Lege Artis Medicinae

[DISCREPANCIES BETWEEN THE CLINICAL AND PATHOLOGICAL DIAGNOSES IN CASES OF MALIGNANT TUMOUR]

KOVÁCS Attila, ILLYÉS György, SCHÖNFELD Tibor, SCHAFF Zsuzsa

DECEMBER 16, 2006

Lege Artis Medicinae - 2006;16(12)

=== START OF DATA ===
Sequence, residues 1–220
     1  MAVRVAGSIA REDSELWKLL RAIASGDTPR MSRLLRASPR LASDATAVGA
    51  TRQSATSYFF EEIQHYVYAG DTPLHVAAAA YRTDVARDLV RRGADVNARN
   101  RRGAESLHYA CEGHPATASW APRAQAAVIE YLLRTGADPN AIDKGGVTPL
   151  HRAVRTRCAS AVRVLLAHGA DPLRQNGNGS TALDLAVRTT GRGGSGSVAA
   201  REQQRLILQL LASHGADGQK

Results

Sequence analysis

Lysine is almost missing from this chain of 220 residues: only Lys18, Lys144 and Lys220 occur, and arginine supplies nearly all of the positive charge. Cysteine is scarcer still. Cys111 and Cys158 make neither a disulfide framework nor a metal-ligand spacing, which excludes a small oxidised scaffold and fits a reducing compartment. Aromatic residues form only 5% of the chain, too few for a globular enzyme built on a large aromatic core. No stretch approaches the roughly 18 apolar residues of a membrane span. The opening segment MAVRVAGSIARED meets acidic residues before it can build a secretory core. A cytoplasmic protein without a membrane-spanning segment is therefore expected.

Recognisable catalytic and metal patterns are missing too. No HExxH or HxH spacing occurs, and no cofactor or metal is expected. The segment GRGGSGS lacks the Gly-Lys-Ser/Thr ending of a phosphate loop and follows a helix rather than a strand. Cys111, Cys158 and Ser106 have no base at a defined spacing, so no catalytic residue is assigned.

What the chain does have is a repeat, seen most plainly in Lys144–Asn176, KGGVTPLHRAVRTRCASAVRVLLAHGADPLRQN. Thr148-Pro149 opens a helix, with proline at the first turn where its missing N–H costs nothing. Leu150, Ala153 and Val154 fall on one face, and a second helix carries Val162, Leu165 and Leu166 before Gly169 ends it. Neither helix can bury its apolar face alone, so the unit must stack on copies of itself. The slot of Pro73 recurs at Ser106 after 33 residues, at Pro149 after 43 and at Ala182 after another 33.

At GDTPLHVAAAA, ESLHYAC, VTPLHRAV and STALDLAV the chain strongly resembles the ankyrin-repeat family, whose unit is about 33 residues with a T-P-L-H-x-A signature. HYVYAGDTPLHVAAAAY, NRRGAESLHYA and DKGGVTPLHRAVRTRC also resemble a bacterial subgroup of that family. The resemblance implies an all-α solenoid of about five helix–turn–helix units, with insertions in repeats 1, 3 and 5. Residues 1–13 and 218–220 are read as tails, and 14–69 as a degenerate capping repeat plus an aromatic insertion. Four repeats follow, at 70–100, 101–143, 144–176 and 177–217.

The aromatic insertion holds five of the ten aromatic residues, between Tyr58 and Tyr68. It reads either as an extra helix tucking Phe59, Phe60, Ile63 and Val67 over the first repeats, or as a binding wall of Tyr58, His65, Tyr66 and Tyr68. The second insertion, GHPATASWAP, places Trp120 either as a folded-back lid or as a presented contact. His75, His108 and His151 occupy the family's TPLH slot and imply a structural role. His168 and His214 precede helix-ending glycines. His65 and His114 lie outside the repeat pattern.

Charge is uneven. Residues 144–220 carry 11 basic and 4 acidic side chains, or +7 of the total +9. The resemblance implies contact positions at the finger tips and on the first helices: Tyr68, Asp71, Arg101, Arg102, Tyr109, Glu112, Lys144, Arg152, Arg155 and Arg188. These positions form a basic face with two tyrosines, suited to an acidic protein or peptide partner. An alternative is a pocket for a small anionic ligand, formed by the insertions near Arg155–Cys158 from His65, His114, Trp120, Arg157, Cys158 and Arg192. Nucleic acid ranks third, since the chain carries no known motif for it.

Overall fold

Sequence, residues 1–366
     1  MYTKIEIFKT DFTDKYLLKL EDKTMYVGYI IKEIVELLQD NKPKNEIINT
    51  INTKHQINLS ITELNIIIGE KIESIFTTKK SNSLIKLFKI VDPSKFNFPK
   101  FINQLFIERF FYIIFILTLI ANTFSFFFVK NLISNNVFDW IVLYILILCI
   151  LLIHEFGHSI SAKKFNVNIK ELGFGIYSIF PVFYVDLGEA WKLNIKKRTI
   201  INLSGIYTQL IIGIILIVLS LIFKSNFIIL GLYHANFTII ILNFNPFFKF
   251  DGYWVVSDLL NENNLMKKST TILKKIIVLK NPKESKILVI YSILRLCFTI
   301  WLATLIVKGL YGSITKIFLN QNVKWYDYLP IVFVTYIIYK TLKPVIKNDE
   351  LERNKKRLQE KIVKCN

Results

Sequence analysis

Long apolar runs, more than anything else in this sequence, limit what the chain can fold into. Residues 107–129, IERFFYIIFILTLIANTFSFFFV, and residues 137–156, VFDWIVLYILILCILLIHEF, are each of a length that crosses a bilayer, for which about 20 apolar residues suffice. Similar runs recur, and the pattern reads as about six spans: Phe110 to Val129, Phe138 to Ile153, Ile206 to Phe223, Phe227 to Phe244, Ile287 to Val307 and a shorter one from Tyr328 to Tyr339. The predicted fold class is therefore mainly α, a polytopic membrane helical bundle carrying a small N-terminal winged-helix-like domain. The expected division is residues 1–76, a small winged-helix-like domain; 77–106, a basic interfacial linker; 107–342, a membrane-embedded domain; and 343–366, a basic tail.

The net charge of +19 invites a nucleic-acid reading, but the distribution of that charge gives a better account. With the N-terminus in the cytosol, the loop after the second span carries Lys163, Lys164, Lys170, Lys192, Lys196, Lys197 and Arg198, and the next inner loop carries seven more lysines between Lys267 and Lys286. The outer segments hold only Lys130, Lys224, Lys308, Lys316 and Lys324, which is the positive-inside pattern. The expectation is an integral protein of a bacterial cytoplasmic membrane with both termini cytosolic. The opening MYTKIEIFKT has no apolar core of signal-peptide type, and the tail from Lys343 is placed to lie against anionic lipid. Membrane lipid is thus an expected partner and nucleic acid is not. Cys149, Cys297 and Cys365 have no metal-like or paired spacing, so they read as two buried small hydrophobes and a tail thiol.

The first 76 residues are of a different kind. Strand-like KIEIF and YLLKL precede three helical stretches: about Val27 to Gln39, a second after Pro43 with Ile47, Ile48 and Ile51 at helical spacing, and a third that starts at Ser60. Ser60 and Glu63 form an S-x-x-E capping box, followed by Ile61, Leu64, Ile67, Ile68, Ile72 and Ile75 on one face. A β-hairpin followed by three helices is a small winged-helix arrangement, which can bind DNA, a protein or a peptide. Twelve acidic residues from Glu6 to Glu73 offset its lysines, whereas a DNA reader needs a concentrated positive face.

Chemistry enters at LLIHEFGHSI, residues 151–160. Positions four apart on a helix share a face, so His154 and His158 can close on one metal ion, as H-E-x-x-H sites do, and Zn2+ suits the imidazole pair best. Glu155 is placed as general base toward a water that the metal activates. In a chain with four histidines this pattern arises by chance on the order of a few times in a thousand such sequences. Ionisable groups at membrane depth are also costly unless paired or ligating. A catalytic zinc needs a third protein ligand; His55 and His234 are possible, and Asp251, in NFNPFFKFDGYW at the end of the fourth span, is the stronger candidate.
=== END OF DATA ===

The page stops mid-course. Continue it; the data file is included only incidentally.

[INTRODUCTION - In Hungary, like in other countries, previously undiagnosed diseases are frequently discovered at autopsies despite the availability of modern diagnostic tools. The aim of this study was to determine the accuracy of clinical diagnosis in malignant tumour cases. METHODS - Between 1996 and 2006, 5005 autopsies were performed in our institute. Malignant tumour cases with differing clinical and pathological diagnoses were selected and revised with regard to the localization of the primary tumour and the type of diagnostic difference, i.e., false negative, false positive or difference in the tumour site. The proportion of tumours with clinically undetermined primary site that were subsequently recognized at autopsy was established. The causes of misdiagnoses and the appropriateness of therapy were also analysed with regard to whether diagnostic mistakes were made and whether these significantly affected disease outcome. RESULTS - Of 1495 autopsies 235 cases (16%) showed a difference between the clinical and the pathological tumour diagnosis and a further 74 cases (5%) had a clinically undetermined primary tumour. Of the misdiagnosed cases 57% were false negative, 23% were false positive and 20% differed in their localization. Autopsy clarified 75% of the clinically undetermined primary tumours. Overall, there was one misdiagnosis or undetermined primary localization for every 5 correct clinical diagnoses (309/1495, 21%). The most frequent misdiagnosed tumours were lung, liver and kidney cancers. Most (60%) misdiagnoses were due to factors independent from the clinician, so these in fact were not diagnostic errors. Out of the remaining 40%, the true diagnostic error had an adverse effect on disease outcome in 11%.. CONCLUSION - Despite of the use of modern diagnostic tools the rate of clinically misdiagnosed malignant tumours is high, therefore, autopsy will still play an outstanding role in the future in quality control of clinical activity and education.]

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